How Cloud and IP Will
Transform Content Delivery
BY MARK RUSSELL, CTO & HEAD OF STRATEGY, ERICSSON MEDIA SOLUTIONS
The delivery of TV and media content has
changed enormously over the last decade. The stark
rise in IP connectivity and vast increase in online
video consumption have driven a total re-shift in
focus around how the industry should harness this
period of change. With the rise of video-on-demand
(VOD) and subscription-video-on-demand (SVOD)
driving consumer expectations, the need to deliver
content on their terms as has never been higher.
Multiscreen delivery is becoming increasingly
important with the ability to deliver to multiple
handset types and delivery formats, at any time and to any
location. Not only do consumers want content at the time they
want it, on the device of their choice, but they are also demanding
the highest quality possible. In fact, they often want the same
quality of experience they get with current broadcast linear TV
across the whole multiscreen viewing experience, with the option
to regularly switch devices to accommodate their daily lives.
As we move into 2018, the pressures on TV providers, operators,
and broadcasters to transform their existing services to differentiate
and compete in this disrupted market are ever growing.
A QUEST FOR QUALITY
Viewer demand for better quality is far from a new phenomenon.
Even if we consider the last 20 years in isolation, the industry
has witnessed the transition from analog to digital, standard
definition (SD) to high definition (HD) TV, and now to early, limited
deployments of 4K ultra high definition (UHD). Of course, this
evolution did not come about just through updates to TV sets and
cable, satellite, or IPTV distribution systems, but also the content to
and among studios and the distribution of channels after production.
In fact, the updates to these contribution and primary distribution
parts of the chain needed to be in place before commercial TV
services could be launched to the consumer. For higher resolutions—
such as UHDTV and more capable video levels enabled by high
dynamic range (HDR) and wide color gamut ( WCG)—we can now
provide a significantly better viewing experience to the consumer.
Once again, these new formats need to be delivered to and among
studios, often with low latency, and then distributed once produced.
It is clear from the demand for UHD HDR TVs,
desire from the studios, and the consumers’ reactions
to improved viewing experiences that we can expect
UHD and HDR to be widely successful. Ericsson’s
latest ConsumerLab TV and Media research found that
close to a quarter of consumers in the study already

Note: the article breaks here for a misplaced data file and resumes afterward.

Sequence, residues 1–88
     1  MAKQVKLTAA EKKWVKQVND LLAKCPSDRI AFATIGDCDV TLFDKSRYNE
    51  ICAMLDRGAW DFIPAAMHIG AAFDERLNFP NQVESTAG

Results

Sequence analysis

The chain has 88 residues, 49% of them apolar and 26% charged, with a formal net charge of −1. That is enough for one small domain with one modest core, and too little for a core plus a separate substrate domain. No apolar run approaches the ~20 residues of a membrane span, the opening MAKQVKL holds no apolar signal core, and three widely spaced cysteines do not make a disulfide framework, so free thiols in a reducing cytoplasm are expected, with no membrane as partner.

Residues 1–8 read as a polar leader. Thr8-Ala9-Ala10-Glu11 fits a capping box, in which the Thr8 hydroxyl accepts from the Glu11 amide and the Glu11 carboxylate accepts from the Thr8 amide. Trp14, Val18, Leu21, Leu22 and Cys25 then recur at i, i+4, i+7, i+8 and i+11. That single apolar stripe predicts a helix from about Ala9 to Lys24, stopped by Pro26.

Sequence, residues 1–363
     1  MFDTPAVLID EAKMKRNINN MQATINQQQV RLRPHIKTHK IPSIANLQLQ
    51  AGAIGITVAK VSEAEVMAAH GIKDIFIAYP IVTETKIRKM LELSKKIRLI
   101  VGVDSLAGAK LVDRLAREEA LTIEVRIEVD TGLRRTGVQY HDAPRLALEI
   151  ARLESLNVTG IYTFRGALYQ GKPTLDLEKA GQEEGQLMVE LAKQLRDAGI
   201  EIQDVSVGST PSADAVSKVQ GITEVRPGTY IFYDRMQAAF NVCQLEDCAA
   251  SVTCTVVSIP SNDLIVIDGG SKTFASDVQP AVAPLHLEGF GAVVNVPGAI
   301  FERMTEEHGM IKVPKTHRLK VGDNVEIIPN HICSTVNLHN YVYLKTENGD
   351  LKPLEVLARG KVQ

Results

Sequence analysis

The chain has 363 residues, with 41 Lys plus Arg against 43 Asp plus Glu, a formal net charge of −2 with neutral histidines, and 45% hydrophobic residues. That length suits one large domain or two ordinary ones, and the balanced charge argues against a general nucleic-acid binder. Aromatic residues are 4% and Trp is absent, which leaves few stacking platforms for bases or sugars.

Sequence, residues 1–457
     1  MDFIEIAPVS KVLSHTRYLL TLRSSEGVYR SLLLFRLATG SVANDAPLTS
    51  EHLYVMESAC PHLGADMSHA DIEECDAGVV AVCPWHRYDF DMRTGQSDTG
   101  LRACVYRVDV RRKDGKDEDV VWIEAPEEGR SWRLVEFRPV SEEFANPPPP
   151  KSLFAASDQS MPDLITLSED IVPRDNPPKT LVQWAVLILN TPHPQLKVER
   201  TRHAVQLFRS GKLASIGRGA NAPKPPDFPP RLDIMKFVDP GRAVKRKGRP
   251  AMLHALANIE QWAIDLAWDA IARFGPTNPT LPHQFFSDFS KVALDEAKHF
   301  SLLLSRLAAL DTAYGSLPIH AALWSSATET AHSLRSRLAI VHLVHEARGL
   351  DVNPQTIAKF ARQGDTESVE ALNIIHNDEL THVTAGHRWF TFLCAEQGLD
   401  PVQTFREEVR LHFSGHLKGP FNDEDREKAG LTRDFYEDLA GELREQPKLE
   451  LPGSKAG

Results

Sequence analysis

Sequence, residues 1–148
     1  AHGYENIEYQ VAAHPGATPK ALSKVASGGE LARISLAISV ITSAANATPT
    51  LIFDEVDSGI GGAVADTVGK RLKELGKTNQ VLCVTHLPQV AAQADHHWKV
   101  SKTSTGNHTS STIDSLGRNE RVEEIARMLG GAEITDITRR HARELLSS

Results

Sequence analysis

have access to a 4K UHD TV screen and another
third plans to get one. This demand for UHD in turn
creates a requirement to upgrade the contribution
and primary distribution stages of the chain.
DRIVING THE ADOPTION OF HDR
For HDR the consumer proposition is clear—just walk into any TV
store today and see how the high-end TVs all strongly promote HDR—
and so it seems very likely HDR will carry significant commercial
value. Indeed we can see this through the prominence of televisions
with higher picture quality; 4K/UHD TVs are now present in over a
fifth of all homes. It’s already a given that any large screen will be UHD
resolution, now the battleground has moved to HDR. The industry has
no doubt been hindered by complications about formats, but there are
now workable paths for HDR in live content, using HLG or PQ10, along
with the client-selectable format assets for on-demand content.
As a result, it would be reasonable to expect a reasonably quick
adoption of HDR in the contribution and production space, even
before it is available to consumers in volume. Through Ericsson
MediaFirst Encoding Live and our AVP hardware encoding
solutions, we are now harnessing the power of cloud technologies
to deliver the highest possible picture quality. Combined, our
solutions are able to unlock new revenue streams and provide
compression capabilities to ensure efficient delivery of the best
picture quality for all delivery platforms and net works.
As the quality level increases, the choice of UHD HDR or 1080P
HDR is likely to be made on a balance between bandwidth availability
and market competition. Since not all content or channels will
transition instantaneously, we expect a need for conversion bet ween
Standard Dynamic Range (SDR) to HDR and vice-versa. This will be
particularly important as HDR content grows, in order to maximize
the potential of consumer-grade TVs with the latest technologies
built in—a major differentiator in content service delivery.